In order to have a workable democracy, the rights of the minority must be respected and preserved by a responsible majority. Or, as James Bovard put it, “Democracy must be something more than two wolves and a sheep voting on what to have for dinner.”
How then does a responsible majority respect the rights of the minority while at the same time exercising the power it has been given? What I learned in 41 years of government service is that the responsible exercise of power is power circumscribed by the basic policies of truth, fairness and respect for the office I held and the system in which I worked.
I started my federal service career as an attorney for the Internal Revenue Service, in other words, an in-house lawyer for an agency Congress has made very powerful. After four years, I became a federal prosecutor as an assistant United States attorney and served as one for over 37 years.
Within a limited jurisdiction, a federal prosecutor is an extremely powerful position. with the ability to considerably affect the life of a criminal defendant. In both jobs I learned quickly that I had an obligation not, through word or deed, to do something that would bring disrespect on the office in which I worked.
During my career as an assistant U.S. attorney, I taught literally thousands of prosecutors in a variety of courses for the Department of Justice. I was privileged to be on the faculty with many of the very best and brightest prosecutors the department had, hailing from not only the main offices of the department, but also such well respected offices as Boston, Philadelphia, Atlanta, Newark, Chicago and Los Angeles, to name a few.
Inevitably during courses, discussion would center around the responsibilities we as prosecutors owed to the concept and system of justice. In reality, how could we exercise our power in a fair way to achieve public safety, while respecting the rights of those brought into the system as targets, defendants, victims and witnesses. We also had to be mindful of the respect we owed to the other branches of government, the Congress and the judiciary.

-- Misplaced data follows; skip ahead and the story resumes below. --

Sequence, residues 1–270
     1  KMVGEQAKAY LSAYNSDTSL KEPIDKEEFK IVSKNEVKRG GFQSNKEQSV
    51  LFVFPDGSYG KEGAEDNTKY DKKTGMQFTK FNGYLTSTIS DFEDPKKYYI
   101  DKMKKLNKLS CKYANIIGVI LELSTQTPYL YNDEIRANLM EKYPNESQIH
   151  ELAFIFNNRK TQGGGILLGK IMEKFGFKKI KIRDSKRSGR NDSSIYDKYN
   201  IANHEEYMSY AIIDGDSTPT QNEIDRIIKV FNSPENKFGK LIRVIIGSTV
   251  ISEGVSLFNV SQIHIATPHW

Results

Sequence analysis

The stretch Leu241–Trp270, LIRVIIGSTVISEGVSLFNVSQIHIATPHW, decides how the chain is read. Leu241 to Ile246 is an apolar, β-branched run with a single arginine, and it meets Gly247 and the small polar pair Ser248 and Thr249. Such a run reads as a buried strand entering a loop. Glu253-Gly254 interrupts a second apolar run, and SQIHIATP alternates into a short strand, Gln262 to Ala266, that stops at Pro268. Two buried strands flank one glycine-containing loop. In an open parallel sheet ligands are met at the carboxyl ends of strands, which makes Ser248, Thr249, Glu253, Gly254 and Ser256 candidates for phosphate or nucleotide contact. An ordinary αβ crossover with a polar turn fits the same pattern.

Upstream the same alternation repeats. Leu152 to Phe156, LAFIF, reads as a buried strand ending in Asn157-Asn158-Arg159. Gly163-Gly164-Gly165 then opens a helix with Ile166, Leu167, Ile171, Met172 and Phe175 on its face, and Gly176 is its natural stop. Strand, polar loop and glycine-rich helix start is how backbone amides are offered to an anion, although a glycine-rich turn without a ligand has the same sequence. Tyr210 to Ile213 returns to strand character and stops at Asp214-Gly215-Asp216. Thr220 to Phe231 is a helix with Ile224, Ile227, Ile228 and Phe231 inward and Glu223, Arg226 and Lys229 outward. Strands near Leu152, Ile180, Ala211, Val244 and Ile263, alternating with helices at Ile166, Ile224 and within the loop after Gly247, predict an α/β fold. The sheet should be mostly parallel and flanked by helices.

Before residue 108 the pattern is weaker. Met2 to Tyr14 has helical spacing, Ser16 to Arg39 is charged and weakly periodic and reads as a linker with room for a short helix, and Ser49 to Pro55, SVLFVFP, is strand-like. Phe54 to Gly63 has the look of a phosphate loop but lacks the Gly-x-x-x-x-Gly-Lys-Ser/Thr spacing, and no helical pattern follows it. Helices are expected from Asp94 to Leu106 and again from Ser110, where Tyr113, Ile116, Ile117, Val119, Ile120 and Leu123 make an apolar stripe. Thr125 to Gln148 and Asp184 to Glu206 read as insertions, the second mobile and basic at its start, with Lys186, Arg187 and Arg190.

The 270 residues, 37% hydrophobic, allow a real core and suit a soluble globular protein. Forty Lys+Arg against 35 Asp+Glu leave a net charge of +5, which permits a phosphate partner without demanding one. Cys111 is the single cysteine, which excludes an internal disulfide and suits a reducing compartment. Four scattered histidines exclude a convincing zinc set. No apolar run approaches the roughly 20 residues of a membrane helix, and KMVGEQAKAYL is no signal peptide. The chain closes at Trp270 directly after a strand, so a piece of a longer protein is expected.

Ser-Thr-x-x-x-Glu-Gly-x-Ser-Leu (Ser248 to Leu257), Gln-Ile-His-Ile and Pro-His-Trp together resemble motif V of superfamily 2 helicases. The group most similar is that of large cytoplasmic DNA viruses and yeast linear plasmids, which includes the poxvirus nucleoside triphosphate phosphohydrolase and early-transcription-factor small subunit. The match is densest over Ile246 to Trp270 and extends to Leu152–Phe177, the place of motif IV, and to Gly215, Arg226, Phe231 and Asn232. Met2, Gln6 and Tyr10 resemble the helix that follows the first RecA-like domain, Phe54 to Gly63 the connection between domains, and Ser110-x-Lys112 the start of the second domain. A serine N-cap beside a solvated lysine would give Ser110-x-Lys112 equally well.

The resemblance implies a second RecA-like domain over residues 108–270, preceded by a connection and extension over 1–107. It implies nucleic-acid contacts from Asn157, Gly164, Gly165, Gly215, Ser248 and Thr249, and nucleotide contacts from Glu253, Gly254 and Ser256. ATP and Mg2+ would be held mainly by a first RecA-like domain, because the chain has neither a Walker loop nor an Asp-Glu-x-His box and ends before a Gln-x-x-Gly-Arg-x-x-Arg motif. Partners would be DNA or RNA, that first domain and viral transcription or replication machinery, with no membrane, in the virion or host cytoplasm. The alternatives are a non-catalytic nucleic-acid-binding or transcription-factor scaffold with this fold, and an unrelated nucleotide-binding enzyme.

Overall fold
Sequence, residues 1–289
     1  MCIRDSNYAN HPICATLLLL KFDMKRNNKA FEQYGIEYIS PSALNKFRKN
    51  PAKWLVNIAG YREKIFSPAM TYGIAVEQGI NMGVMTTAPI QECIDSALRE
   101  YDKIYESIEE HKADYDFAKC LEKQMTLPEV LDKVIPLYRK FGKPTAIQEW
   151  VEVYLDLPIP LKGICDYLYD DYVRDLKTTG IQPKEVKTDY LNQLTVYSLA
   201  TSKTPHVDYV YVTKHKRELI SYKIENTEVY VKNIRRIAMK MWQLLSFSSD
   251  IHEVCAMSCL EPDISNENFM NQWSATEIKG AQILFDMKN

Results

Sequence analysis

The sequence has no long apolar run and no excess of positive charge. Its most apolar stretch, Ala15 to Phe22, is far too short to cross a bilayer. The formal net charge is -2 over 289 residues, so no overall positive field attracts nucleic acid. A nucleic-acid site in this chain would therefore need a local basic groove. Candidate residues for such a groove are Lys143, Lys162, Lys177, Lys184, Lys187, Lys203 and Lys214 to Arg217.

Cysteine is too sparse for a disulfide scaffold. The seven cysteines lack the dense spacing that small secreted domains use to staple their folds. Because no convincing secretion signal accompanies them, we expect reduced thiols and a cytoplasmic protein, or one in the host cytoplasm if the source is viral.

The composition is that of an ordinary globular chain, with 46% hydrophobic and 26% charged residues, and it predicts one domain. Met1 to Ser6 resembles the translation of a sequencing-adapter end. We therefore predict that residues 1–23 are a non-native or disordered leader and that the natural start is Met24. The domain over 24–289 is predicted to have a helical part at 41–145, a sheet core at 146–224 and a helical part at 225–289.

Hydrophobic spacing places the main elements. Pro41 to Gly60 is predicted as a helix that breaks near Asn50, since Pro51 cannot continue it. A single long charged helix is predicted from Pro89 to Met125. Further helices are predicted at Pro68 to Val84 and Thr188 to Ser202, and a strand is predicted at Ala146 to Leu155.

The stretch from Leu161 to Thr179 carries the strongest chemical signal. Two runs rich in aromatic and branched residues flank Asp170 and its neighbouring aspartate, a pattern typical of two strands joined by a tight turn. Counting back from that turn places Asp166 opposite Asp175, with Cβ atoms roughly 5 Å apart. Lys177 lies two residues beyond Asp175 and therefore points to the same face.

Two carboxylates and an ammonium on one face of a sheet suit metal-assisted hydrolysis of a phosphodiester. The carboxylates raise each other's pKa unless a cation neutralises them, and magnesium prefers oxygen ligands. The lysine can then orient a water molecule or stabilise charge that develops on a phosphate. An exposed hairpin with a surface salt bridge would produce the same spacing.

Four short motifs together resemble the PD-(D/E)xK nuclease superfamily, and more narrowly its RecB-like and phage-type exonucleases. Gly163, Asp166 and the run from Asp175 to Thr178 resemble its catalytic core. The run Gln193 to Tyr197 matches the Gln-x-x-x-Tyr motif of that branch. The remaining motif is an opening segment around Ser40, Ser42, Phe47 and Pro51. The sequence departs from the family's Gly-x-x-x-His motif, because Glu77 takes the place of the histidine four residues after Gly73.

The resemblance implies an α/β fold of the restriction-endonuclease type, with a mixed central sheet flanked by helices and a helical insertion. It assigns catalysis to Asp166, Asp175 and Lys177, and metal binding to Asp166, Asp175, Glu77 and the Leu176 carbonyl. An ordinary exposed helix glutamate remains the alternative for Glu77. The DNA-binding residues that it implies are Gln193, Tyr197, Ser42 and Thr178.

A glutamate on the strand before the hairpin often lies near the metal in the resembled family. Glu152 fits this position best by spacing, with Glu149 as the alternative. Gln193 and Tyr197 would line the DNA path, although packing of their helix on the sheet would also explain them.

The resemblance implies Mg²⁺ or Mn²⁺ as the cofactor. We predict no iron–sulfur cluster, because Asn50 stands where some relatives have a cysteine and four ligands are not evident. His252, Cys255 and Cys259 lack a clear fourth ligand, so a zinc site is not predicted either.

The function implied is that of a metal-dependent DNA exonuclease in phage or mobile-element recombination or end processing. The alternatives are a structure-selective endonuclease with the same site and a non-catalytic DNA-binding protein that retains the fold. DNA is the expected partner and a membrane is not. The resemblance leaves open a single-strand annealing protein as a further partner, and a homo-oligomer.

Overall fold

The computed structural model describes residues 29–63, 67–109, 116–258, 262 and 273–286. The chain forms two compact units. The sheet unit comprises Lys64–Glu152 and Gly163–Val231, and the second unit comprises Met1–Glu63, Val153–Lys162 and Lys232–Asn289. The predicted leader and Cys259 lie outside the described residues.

To help us in our quest, we of course were bound by statutes and legal ethical rules, but in addition we were guided by well conceived policies of the Department of Justice and, significantly, by the facts. We labored to do the right thing, not always succeeding, but always trying, because of what we owed to the system of justice.
The single best piece of advice I was given during my career, from Federal Judge Dee Benson, my boss when he was United States attorney. He said we should always be fact driven. If we were, people could disagree with our analysis or conclusions, but could not criticize us for being political or unfair or desiring fame. We ultimately could be proven wrong, but an honest error would not tarnish the office or the system.
At this time, both houses of Congress would do well to be more fact driven and let an honest appraisal of the facts drive decisions in the impeachment arena.
There is no doubt in my mind that the president is unfit to hold his office. He has brought profound disrespect to the office in many ways. As chief executive, he is to see that the laws are faithfully executed, yet he constantly abuses our system of justice by pronouncing people who have never been charged, much less convicted, guilty of crimes. If a judge issues an opinion he dislikes, the judge is an Obama judge or political. In the same vein, he undermines the justice system by attempting to excuse the criminal conduct of his associates who have, through due process, been charged and convicted.